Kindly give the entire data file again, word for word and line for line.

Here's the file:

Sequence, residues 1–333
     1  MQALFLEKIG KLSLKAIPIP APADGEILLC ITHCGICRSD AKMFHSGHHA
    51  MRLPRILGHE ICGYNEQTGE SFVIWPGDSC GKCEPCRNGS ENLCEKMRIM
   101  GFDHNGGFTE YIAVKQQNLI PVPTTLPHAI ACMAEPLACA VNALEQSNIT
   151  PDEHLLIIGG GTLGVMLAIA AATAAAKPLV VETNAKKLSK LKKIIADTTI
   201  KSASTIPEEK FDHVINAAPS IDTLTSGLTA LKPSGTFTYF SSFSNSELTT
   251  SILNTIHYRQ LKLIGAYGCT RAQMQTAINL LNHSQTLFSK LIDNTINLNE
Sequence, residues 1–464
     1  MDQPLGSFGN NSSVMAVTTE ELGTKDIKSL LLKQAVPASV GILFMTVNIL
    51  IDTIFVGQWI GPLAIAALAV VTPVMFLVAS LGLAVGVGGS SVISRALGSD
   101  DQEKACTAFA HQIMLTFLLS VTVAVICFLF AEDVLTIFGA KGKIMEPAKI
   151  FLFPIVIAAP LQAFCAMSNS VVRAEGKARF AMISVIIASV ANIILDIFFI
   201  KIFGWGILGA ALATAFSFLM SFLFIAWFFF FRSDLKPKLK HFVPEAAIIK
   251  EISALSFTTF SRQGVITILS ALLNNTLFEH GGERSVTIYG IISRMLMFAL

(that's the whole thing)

Sequence, residues 1–333
     1  MQALFLEKIG KLSLKAIPIP APADGEILLC ITHCGICRSD AKMFHSGHHA
    51  MRLPRILGHE ICGYNEQTGE SFVIWPGDSC GKCEPCRNGS ENLCEKMRIM
   101  GFDHNGGFTE YIAVKQQNLI PVPTTLPHAI ACMAEPLACA VNALEQSNIT
   151  PDEHLLIIGG GTLGVMLAIA AATAAAKPLV VETNAKKLSK LKKIIADTTI
   201  KSASTIPEEK FDHVINAAPS IDTLTSGLTA LKPSGTFTYF SSFSNSELTT
   251  SILNTIHYRQ LKLIGAYGCT RAQMQTAINL LNHSQTLFSK LIDNTINLNE
Sequence, residues 1–464
     1  MDQPLGSFGN NSSVMAVTTE ELGTKDIKSL LLKQAVPASV GILFMTVNIL
    51  IDTIFVGQWI GPLAIAALAV VTPVMFLVAS LGLAVGVGGS SVISRALGSD
   101  DQEKACTAFA HQIMLTFLLS VTVAVICFLF AEDVLTIFGA KGKIMEPAKI
   151  FLFPIVIAAP LQAFCAMSNS VVRAEGKARF AMISVIIASV ANIILDIFFI
   201  KIFGWGILGA ALATAFSFLM SFLFIAWFFF FRSDLKPKLK HFVPEAAIIK
   251  EISALSFTTF SRQGVITILS ALLNNTLFEH GGERSVTIYG IISRMLMFAL